Why Dolby Vision Is Amongst The Greatest Advancements In TV Technology – Ever

It has been 91 years since the first television demonstration took place at Selfridge’s department store in London and in that time the technology has changed drastically. What was once a primitive system incapable of showing a human face (due to its inadequate contrast) has become the centre of people’s lives and has invaded over a billion homes across the world.

Throughout its history, television has had major leaps; whether it be the cathode ray tube in the 1930s, the introduction of colour in the 1940s or the debut of high-definition in the 1970s.

In 2016 the whole AV world has been abuzz about the introduction of high dynamic range; a technology that is specifically designed to make pictures look richer and more life-like. Of course, there’s also 4K, but even Netflix agrees that 4K is nowhere near as important as HDR.

Time and time again CE Pro Europe has explained exactly why HDR is an important technology, thanks to its ability to improve pixels, rather than just pumping through more – which is what resolution advancements have achieved. The technology offers more depth to images, deeper colours, brighter images – literally everything that makes an image engaging.

So why isn’t this article called ‘Why HDR Is Amongst The Greatest Advancements In TV Technology – Ever?’ Well, that’s quite simple – because standard HDR is nowhere near as impressive as its Dolby Vision variant.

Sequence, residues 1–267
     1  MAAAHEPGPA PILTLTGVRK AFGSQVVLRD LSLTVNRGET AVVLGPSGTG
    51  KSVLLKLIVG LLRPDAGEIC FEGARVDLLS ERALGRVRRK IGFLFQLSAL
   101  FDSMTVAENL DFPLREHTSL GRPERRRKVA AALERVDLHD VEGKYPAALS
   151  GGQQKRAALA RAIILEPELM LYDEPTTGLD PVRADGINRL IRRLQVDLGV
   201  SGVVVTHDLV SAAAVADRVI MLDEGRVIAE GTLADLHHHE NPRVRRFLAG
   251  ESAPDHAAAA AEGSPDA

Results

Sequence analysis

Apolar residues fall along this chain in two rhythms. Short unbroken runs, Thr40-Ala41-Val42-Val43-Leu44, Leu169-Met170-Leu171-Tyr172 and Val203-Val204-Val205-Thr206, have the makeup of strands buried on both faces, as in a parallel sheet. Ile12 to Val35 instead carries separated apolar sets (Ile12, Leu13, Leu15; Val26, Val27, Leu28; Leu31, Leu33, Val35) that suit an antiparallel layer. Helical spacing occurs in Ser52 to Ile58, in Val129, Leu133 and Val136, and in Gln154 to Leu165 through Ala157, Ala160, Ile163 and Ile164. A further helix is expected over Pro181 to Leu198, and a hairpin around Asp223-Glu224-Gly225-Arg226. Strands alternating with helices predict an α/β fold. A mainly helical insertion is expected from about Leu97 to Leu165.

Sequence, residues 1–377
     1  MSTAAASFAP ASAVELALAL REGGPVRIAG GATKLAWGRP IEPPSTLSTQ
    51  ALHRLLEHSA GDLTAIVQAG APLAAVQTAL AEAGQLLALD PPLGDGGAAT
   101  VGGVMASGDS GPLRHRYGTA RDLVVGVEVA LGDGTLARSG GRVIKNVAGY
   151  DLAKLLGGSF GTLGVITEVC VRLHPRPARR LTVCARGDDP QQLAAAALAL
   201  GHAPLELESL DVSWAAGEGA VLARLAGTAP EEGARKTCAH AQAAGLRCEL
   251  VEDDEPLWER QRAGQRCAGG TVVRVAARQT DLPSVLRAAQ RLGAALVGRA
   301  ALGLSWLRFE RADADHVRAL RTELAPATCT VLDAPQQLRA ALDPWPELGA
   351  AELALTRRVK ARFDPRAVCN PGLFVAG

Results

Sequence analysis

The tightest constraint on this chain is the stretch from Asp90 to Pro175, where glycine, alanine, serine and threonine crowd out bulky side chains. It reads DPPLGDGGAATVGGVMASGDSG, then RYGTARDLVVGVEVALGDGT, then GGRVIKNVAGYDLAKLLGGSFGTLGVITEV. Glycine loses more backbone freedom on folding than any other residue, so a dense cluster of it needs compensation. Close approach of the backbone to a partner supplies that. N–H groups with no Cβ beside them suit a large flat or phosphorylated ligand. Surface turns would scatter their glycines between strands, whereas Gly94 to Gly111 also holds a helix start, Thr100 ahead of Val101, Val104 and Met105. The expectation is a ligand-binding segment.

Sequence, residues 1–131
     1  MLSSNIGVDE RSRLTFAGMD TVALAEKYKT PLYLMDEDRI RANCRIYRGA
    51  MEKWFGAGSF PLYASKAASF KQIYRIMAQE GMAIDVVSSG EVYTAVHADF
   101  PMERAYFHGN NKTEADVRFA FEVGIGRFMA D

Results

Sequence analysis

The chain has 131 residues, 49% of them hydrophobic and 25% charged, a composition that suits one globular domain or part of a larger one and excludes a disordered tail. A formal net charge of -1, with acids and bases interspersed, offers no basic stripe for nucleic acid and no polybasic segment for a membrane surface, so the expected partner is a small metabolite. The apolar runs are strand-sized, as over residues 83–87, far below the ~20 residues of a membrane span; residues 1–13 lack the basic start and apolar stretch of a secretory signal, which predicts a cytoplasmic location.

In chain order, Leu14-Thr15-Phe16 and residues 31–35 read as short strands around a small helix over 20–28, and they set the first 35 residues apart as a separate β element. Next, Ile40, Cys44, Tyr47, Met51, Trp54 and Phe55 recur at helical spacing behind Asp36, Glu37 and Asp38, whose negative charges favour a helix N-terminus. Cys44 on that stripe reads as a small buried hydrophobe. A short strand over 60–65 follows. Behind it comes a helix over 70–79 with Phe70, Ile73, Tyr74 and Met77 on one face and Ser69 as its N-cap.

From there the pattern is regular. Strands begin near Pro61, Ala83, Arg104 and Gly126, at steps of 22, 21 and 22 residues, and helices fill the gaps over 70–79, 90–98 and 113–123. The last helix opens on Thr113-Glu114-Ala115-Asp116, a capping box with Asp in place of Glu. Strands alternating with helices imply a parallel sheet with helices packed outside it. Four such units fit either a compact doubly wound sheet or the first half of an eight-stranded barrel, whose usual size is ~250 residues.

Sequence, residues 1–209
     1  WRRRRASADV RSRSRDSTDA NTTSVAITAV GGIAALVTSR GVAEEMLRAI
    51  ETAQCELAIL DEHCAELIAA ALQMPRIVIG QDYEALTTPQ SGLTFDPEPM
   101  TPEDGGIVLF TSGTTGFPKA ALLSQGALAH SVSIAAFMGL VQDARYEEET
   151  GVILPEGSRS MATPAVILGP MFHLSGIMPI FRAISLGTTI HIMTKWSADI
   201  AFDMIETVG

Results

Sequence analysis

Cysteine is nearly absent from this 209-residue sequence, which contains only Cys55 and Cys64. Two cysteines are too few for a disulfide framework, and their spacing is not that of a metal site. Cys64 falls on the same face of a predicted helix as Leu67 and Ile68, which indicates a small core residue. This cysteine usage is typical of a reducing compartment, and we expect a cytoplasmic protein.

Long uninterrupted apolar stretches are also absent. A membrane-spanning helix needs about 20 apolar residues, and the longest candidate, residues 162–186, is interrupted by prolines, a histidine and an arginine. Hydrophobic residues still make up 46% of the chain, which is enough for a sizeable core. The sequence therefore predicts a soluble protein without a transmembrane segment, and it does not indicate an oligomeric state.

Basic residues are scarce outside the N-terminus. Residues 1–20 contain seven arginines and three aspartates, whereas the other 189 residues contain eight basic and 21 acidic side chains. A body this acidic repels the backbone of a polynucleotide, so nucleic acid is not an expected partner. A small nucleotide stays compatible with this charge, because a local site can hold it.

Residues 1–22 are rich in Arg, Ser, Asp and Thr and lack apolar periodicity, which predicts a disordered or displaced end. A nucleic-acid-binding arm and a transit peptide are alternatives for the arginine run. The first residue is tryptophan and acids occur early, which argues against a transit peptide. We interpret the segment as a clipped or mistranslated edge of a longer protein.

Dolby Vision Train Sample

TVs are getting smarter in a myriad of ways. We now have the ability to control our homes directly from the silver screen and can even run internet-connected applications for accessing services such as Netflix and YouTube. Dolby Vision is making TVs smarter where it counts, however – in the picture department.

With Dolby Vision, filmmakers can inform TVs of exactly how content should be displayed frame by frame using live metadata. That means one scene can look stylistically completely different from the next just by tweaking the colour and brightness levels on each scene – this ensures that users get to experience the content as it was intended, but also means no fiddling around in the settings menu optimising the picture.

It’s that functionality and smarts that sets Dolby Vision apart from its standard HDR 10 counterpart. It doesn’t stop there though, as Dolby Vision is also a technology that has been built with a lot of future-proofing in mind.

Currently TV sets that are bought off the shelf without any HDR functionality use eight-bit colour encoding and display colours in the Rec. 709 colour space. Dolby Vision meanwhile, uses 12-bit colour encoding and can display colours in the Rec. 2020 colour space. Rec. 709 covers approximately 33% of colours that are available in the human visible spectrum, while Rec. 2020 encompasses slightly more than 57% of the visible spectrum.

To meet the Ultra HD Premium specification, TV manufacturers must include support for 10-bit colour encoding, meaning standard HDR. Unlike Dolby Vision, which uses the Rec. 2020 colour space, HDR 10 only needs to be able to display 90% of the colours in the DCI P3 colour space; which falls somewhere between Rec. 709 and Rec. 2020.

Dolby Vision Hong Kong Sample